Wednesday, October 13, 2010

Heads They Win, Tails You Lose

A commenter at Telic Thoughts explicates the rules:
But the requirement for so much tuning, for the coming-to-pass of numerous and so-unlikely events, will simply be spun as evidence *against* design. Why, it all just shows how ridiculously unlikely all this is, how much our very presence depends not on intention and design but outlandish chance. Wouldn't a designer's handiwork be made evident not by tuning or chance, but inevitability?

Unless, of course, the argument is that life and humanity were inevitable. In which case, the near certainty that life would arise, that intelligent life would arise, is evidence against a designer too! After all, wouldn't we expect a designer to accomplish something particularly unlikely, to leave a kind of signature in the form of requiring very unlikely events, or laws that required considerable tuning?

It's like the Origin of Life. Is the OoL event very unlikely? Then it's just proof we are a freak accident, a mistake, a one-in-a-billion (or more!) fluke of the universe. Not designed. Is the OoL event likely? Then it's just proof we are ridiculously common, typical, non-special, dime-a-dozen. Not designed.


Stephen J. said...

I appreciate arguments from improbability, but I do feel they're usually a form of begging the question, as the likelihood of *anything* happening is always 100% *after it happens*. If it *could* have happened by chance, then it doesn't matter how unlikely it was once it has.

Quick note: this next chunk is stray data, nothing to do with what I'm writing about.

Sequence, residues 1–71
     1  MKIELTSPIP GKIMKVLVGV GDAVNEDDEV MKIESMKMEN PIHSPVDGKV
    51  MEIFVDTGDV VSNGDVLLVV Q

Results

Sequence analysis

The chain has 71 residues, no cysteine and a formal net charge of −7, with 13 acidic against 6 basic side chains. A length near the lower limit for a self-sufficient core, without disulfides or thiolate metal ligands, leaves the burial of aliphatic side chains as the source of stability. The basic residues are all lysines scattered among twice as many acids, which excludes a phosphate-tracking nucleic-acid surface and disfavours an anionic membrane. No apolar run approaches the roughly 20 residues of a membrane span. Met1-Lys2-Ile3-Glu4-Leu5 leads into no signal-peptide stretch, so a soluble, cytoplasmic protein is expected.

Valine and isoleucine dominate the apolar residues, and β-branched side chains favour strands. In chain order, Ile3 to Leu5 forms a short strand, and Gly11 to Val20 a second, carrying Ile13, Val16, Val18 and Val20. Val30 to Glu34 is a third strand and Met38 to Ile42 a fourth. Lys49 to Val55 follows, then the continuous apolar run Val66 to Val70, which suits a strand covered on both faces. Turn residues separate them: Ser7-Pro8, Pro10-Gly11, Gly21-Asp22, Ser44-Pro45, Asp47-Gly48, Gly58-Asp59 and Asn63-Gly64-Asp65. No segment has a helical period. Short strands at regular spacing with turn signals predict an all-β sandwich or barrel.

They're also prone to mismatched criteria, as the "probability" of any given event only has meaning within a defined field of time and space with room for more than one such event. When the "event" in question *is* the entire matrix within which such events have their probability-of-occurrence measured, "probability" isn't really applicable.

Pointing out invisible-cat logic in your opponents (i.e., treating the absence of evidence for your thesis as being itself evidence for that thesis) is always worth doing, but more for the sake of moving past the "improbability" argument completely, I think.

IlĂ­on said...

At the same time, *nothing* literally "happens by chance."

To assert that an event "happened by chance" is literally to assert a lack of correlation between "cause" and "effect" -- that is, it is to assert that the "effect" has no cause.